Music Reviews The Tattoo

Rockin’ for a reason at Live 8

BARRIE, Ontario, Canada — One moment that will forever resonate in my mind from the Canadian Live 8 concert July 2 came when actor Will Smith in Philadelphia, shown on the big screens by the stage, asked everybody to snap their fingers every three seconds to mark the chilling fact that an impoverished child dies every three seconds.
It seemed that the whole world – concertgoers in London, Rome, Paris, Berlin, Philadelphia and Moscow were also watching and following suit at the same time — stood there snapping their fingers in tune at the same time.
To be an attendee of Canada’s concert in support of the Live 8 concert gave me a incredible sense of pride as a Canadian and a member of a global group of 2 million fans who turned out to see bands play to rally support for a new initiative to stamp out poverty in the Third World.
As thousands streamed in from as far away as the Northwest Territories and Mexico, I could see their devotion as they forked over $40 for souvenir shirts. All the proceeds were going to World Vision Canada to help desperate Africans.
Just before the global finger-snapping, Smith called out to fans at every concert venue – except Tokyo , which had already finished – and had everyone in turn give a large round of applause.
Everyone screeched twice as loud as they can at the top of their lungs.
I saw the same sea of punching hands and heard words of support around me as a host of Canadian celebrities and foreign friends on the stage offered their support for a more equal planet.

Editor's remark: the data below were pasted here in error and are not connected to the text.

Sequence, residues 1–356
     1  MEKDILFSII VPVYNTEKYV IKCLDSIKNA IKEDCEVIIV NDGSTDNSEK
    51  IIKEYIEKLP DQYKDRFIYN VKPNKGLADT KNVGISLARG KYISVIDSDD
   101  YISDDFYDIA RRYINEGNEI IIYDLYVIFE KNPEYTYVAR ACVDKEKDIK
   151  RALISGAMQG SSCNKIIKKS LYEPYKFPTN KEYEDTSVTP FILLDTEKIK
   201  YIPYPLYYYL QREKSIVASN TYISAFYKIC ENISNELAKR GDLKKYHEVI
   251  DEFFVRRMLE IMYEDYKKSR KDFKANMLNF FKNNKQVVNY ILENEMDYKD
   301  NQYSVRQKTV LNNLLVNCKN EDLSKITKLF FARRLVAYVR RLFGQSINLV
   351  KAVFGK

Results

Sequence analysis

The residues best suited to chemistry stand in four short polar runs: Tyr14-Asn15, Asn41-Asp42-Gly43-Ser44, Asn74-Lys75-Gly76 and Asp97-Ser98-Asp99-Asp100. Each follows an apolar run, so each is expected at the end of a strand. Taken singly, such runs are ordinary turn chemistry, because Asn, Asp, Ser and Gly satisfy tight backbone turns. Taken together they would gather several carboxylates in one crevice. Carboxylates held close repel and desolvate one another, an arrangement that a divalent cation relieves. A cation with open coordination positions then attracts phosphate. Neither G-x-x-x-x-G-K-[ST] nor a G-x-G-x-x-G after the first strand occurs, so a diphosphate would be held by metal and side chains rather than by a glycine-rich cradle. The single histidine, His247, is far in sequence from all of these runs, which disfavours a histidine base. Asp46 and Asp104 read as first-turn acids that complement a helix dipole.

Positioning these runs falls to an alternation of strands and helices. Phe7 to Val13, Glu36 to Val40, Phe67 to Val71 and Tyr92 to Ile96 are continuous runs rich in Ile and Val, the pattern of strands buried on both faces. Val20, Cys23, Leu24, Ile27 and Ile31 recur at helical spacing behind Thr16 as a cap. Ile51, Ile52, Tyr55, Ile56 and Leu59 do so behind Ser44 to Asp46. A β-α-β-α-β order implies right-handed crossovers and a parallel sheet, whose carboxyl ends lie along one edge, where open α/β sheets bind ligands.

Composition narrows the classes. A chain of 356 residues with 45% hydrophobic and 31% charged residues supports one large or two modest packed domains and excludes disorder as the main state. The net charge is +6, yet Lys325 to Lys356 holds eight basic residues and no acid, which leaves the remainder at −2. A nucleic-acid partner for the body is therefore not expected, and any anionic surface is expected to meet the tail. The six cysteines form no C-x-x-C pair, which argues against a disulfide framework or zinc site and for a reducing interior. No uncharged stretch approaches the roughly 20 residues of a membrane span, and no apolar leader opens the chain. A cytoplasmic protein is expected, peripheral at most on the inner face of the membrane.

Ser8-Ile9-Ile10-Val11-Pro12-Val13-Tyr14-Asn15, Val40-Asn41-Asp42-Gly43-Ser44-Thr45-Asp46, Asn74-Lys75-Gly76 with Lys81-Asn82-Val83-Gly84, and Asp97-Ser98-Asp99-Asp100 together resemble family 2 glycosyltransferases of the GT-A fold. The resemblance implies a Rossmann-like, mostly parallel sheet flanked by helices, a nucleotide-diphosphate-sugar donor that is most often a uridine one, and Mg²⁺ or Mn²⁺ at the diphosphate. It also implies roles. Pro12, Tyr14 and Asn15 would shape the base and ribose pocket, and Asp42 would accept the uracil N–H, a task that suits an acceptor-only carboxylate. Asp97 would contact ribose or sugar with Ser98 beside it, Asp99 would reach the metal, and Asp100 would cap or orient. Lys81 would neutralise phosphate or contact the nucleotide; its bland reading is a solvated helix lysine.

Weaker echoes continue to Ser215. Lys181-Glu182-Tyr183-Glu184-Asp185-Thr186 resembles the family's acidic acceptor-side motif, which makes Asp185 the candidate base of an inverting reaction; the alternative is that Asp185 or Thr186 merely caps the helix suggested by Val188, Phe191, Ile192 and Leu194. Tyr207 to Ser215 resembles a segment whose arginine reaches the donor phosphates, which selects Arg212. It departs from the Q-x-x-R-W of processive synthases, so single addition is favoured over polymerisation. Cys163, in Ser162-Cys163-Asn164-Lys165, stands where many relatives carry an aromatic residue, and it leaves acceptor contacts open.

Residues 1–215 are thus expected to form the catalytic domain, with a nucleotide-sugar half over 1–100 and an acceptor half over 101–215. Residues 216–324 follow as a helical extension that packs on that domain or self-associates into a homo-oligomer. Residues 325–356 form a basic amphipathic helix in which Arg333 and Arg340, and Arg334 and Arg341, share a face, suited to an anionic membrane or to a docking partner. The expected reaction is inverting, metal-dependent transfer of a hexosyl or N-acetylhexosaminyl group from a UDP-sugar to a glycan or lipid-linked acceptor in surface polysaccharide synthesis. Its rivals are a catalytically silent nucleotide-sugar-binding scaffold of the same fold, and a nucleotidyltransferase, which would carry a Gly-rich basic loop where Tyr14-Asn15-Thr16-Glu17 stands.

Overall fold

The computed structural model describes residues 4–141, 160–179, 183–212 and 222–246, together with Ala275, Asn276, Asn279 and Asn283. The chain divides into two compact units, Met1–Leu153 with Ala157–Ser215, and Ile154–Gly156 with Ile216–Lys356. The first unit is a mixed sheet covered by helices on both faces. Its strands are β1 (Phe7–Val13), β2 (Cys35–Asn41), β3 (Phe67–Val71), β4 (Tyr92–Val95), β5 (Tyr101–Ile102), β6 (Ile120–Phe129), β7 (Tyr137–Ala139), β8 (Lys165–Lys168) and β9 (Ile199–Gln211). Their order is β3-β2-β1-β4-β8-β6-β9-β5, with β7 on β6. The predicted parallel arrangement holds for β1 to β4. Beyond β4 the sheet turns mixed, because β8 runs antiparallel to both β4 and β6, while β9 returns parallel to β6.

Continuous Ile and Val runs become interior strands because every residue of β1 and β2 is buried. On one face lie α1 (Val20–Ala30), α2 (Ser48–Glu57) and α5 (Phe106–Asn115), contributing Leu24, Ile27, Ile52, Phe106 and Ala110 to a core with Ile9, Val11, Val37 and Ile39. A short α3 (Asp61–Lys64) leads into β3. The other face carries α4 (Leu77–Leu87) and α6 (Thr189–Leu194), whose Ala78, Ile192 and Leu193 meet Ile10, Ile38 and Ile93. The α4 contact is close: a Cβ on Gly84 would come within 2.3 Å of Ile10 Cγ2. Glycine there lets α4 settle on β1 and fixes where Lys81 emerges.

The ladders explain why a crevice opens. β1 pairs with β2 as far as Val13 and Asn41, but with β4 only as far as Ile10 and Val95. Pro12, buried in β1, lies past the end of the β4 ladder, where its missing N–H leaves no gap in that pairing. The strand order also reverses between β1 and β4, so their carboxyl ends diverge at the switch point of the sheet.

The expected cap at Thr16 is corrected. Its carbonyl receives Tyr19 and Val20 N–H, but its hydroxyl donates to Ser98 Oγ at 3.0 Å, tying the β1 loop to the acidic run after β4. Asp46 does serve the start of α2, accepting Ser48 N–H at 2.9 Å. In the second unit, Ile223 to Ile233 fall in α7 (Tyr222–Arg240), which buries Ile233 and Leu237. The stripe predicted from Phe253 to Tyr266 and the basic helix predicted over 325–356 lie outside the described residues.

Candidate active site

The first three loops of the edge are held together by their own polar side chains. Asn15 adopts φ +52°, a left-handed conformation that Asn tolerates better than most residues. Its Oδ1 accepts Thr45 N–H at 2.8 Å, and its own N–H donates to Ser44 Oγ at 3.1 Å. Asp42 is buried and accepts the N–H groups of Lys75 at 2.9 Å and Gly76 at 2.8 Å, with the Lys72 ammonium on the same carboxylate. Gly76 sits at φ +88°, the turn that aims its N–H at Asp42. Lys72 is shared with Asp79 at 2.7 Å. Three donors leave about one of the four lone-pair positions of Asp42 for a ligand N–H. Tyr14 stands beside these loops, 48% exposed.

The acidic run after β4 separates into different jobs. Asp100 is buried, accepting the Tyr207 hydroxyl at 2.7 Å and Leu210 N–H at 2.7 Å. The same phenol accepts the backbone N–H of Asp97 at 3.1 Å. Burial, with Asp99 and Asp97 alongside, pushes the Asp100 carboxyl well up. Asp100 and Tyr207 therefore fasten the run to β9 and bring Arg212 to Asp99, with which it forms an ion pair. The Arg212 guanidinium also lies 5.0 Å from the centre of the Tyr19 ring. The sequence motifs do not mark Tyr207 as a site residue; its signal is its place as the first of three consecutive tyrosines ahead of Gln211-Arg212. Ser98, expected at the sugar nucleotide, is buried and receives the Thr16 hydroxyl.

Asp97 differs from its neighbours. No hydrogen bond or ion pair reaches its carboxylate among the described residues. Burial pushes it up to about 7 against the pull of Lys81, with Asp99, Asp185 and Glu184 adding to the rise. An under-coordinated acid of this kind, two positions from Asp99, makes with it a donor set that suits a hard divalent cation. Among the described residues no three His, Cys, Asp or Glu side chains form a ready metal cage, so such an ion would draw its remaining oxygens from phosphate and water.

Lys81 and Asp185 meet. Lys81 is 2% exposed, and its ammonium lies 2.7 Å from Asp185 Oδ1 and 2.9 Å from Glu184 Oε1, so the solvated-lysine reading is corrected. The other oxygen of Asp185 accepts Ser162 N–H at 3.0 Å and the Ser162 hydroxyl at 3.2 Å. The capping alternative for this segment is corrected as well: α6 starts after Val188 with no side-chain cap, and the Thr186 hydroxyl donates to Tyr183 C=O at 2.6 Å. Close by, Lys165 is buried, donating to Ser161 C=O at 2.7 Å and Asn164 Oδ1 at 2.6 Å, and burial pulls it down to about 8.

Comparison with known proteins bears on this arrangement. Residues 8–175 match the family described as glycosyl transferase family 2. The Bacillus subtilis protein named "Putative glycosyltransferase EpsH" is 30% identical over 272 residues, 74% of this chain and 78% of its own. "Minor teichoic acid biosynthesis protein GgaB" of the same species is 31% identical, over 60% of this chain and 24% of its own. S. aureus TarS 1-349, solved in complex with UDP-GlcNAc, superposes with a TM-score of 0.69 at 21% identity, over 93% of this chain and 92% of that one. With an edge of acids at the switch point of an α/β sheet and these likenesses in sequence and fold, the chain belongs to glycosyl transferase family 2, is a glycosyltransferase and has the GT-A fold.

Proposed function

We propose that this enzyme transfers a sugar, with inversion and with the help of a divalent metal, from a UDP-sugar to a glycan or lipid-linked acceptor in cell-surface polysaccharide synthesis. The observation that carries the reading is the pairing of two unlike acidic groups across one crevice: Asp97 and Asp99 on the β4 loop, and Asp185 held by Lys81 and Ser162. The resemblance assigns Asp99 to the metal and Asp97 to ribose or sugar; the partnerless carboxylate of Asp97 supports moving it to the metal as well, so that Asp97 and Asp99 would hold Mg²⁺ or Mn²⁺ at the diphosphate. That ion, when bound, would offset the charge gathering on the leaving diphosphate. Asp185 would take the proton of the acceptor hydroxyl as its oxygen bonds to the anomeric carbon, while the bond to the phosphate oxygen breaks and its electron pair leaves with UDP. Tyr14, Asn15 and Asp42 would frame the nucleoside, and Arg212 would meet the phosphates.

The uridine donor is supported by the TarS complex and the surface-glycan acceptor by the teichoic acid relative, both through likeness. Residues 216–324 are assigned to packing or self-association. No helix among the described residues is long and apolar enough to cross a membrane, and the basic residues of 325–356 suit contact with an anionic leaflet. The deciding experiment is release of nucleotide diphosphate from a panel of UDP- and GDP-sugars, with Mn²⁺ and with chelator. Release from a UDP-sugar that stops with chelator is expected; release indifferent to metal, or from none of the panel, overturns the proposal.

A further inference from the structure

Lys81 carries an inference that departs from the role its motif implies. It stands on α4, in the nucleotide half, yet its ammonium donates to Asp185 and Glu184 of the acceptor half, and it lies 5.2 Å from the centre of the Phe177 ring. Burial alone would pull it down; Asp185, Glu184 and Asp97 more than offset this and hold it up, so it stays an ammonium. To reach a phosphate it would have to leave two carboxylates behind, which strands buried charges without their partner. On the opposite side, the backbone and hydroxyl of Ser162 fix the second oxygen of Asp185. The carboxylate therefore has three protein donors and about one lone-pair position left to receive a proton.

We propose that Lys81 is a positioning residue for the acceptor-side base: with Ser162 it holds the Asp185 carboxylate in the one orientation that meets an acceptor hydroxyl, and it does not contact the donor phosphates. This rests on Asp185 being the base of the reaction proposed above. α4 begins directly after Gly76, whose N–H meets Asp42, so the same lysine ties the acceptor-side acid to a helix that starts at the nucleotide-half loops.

Milling throughout the crowd for nearly 12 hours under a hot sun were a team of devoted men and women who wore bright orange shirts with “Make Poverty History” written across them. They tried to get as many as possible to sign their names and spare what they could for World Vision Canada .
The signed cards they collected were to be forwarded to Canadian Prime Minister Paul Martin, one of the G8 leaders whose gathering in Scotland was the reason for the concert’s timing.
In exchange for their help people were given a white band that has the “Make Poverty History” website listed on it.
I felt happy to see the large numbers of participants in this worthy effort.
As volunteers approached people while they cheered the Barenaked Ladies, The Tragically Hip or one of the other 20 acts present, most appeared delighted to lend a hand.
By the end of the day, organizers told the crowd they’d collected 26 million names around the world. I found it heartwarming to hear.
The Live 8 videos we saw said the world spends $900 billion a year on “things to kill people” and $90 billion annually on perfume but hasn’t come up with the 2 cents a day it would take to keep an African youngster from going blind from disease or dying of hunger or illness.
The concerts at least showed that people will go the distance to express their support and sympathy for the suffering.
Among those taking the stage were Bryan Adams, Gordon Lightfoot, The Tragically Hip, Barenaked Ladies, Our Lady Peace, Tom Cochrane, Great Big Sea , Deep Purple and the Australian band Jet.
Toronto rocker Neil Young, making his first appearance since suffering a brain aneurysm several month sago, delivered a stellar performance.
In the strong finale, Young brought most of the performers on stage and they sang a rousing round of “Rockin’ in the Free World,” one of Young’s signature songs.
The performers repeated the chorus again and again until a grand finale with screams and cheering to conclude the biggest concert the globe has ever undertaken.

Teague Neal is a Reporter for Youth Journalism International.

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